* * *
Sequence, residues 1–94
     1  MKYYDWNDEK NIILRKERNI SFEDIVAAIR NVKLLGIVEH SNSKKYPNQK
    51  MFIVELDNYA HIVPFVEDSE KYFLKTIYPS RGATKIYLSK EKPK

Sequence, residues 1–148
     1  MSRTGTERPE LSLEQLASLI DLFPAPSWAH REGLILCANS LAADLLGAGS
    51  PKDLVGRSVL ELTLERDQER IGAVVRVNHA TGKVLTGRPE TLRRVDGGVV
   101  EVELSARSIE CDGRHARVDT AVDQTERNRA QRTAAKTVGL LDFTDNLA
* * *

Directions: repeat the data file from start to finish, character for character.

Sequence, residues 1–94
     1  MKYYDWNDEK NIILRKERNI SFEDIVAAIR NVKLLGIVEH SNSKKYPNQK
    51  MFIVELDNYA HIVPFVEDSE KYFLKTIYPS RGATKIYLSK EKPK

Sequence, residues 1–148
     1  MSRTGTERPE LSLEQLASLI DLFPAPSWAH REGLILCANS LAADLLGAGS
    51  PKDLVGRSVL ELTLERDQER IGAVVRVNHA TGKVLTGRPE TLRRVDGGVV
   101  EVELSARSIE CDGRHARVDT AVDQTERNRA QRTAAKTVGL LDFTDNLA